The guardian does have kennels for the dogs, but had given up on using them because the dogs panicked and either scratched their face or paws up when trying to escape. This is usually the case when someone does not teach the dog how to be alone in a kennel calmly. This is why Kennel or Crate training needs to be done using positive reinforcement. Regular readers will know I am all about positive dog training.

We did not have an appropriately sized kennel available at the guardian’s mothers’ home so I had to demonstrate this technique without one.

As articulated in the above video, the first thing you need to do is make sure that the dog does not have a negative perception of the kennel. This is why it’s so important that we do not use the kennel as a punishment zone or force the dog in the crate.

Once the dog is comfortable going in and out of the kennel without any hesitation, then the guardian will be ready to move to the next stage which I discuss in the following video.

By asking the dogs to stay inside of the kennel with the door wide open, we are helping them develop self-control while simultaneously making it easier for the dog to stay inside. Because the door is open, there is nothing for the dog to fight against. Instead they have to control themselves.

Once the dog understands that they must stay in the kennel until they are giving a release by the human during this exercise, then the guardian is ready for the next step.

Essentially what this exercise does is help the dog practice being in the kennel while in a calm state of mind. Once we can achieve that, the next steps are to help the dog practice being in the kennel for progressively longer periods of time and under progressively more difficult scenarios.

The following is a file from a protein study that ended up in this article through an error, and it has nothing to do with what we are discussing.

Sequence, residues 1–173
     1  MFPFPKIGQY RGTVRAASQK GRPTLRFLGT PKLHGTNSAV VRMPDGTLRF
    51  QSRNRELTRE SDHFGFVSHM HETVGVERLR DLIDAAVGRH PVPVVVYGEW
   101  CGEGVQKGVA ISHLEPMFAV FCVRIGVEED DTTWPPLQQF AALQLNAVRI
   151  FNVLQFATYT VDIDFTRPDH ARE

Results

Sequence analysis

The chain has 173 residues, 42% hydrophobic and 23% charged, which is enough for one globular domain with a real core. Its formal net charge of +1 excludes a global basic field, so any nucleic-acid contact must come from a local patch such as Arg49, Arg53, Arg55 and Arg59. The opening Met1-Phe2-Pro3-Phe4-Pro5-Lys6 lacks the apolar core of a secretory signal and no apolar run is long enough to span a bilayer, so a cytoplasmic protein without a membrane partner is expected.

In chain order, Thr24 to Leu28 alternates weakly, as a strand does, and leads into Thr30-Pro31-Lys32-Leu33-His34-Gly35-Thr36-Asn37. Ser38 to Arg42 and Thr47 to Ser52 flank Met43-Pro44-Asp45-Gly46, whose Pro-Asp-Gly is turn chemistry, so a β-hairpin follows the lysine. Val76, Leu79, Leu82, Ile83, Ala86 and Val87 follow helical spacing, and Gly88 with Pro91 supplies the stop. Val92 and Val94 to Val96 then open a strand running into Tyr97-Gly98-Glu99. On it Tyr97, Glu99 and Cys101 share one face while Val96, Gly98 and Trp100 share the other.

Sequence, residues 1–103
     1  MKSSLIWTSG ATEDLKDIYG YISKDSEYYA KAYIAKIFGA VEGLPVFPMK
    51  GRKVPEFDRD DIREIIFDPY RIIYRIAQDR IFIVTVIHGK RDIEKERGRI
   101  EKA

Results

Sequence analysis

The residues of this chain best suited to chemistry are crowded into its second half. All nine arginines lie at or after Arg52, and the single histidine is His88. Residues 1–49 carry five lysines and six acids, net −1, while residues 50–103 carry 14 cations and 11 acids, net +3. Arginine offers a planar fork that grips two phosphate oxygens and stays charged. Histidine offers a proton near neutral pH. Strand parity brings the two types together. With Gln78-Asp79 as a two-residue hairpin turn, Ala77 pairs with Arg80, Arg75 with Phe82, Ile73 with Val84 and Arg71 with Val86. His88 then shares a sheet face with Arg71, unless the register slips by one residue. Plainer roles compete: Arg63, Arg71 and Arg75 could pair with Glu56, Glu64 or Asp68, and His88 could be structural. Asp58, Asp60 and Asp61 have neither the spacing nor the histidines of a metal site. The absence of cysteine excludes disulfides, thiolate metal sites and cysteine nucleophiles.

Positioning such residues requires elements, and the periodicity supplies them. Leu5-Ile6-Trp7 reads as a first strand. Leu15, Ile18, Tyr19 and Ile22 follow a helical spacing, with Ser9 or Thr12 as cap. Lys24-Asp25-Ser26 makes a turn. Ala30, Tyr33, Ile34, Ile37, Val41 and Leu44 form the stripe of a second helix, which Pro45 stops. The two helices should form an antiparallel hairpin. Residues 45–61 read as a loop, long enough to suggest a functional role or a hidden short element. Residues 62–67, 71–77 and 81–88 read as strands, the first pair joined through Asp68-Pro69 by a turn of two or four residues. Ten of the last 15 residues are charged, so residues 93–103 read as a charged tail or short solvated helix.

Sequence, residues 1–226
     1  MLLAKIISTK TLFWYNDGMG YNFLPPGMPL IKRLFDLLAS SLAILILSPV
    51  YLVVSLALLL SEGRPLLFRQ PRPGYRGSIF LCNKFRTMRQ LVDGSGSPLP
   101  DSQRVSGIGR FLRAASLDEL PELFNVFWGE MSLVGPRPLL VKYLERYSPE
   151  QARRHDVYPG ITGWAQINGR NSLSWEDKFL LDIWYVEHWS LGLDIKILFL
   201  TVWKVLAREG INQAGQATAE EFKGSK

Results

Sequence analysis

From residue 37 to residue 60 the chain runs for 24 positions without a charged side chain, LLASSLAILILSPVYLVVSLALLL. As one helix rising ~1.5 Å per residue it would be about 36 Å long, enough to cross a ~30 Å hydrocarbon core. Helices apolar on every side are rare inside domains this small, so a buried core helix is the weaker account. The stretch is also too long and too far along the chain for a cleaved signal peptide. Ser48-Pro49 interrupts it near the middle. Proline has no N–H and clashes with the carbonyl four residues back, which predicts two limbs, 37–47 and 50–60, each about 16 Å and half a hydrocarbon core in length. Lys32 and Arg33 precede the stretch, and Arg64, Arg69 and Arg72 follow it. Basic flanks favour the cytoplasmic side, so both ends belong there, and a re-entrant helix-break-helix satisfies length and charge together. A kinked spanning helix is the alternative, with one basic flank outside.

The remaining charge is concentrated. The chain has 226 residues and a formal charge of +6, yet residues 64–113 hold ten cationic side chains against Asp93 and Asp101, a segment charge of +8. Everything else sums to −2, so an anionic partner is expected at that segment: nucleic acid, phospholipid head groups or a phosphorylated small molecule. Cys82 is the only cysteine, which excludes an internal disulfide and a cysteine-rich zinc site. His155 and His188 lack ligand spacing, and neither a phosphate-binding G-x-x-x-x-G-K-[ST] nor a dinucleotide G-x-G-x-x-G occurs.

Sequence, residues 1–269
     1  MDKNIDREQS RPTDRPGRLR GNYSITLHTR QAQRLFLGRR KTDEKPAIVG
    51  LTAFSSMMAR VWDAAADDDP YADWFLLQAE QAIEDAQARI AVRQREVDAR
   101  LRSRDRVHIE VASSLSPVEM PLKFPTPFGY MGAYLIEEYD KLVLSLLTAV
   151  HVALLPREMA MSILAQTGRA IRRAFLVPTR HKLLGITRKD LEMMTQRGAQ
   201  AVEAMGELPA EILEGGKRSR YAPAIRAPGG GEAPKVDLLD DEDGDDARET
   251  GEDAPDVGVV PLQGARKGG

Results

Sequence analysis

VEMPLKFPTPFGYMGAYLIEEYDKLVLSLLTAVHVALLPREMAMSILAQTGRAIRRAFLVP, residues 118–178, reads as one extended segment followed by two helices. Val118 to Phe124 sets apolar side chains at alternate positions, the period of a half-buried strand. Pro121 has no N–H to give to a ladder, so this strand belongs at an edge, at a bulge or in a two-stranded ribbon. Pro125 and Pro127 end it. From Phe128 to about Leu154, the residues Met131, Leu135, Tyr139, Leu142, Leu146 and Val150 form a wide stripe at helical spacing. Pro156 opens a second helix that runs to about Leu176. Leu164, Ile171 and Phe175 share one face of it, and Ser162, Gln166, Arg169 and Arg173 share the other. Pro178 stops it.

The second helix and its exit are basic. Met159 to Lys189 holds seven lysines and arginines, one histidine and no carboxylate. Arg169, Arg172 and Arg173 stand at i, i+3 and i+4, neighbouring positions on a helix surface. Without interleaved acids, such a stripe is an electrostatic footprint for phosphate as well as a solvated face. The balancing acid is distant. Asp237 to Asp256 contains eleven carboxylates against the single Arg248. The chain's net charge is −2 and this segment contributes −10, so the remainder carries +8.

This processed certainly does take time and patience. However when done properly, it eliminates the dog’s fear of the kennel for good as they develop new neuropathways in their brain. Once established, then the dog continues with the new behavior.

Combined with mastering the stay exercise, these will allow the dog’s guardian to be able to help the dogs develop more self-control.

Next I went through a Focus exercise that I learned from reading my mentor Karen London’s book FEISTY FIDO – HELP FOR THE LEASH REACTIVE DOG“.

This exercise will help Husker learn to develop more self control and give the guardian the ability to redirect her attention when out for walks or encountering unknown dogs.

Just like any other skill, it’s important that we practice and learn the basics of the Focus exercise in the easiest setting possible. In these dog’s case, that location is going to be inside their home in a quiet setting.

Once Samadhi and Husker can sit and give the guardian their full attention immediately upon receiving the Focus command, then the dog will be ready to take the next step. I detail them in the next video.

By helping the dog practice the focus exercise amongst progressively more distracting situations, they will learn how to refocus or give the human their attention amongst more challenging scenarios.

But the ultimate goal for the focus exercise is to be able to use it when other dogs are nearby. I spend the next few minutes discussing how to use this exercise to accomplish just that in the next video.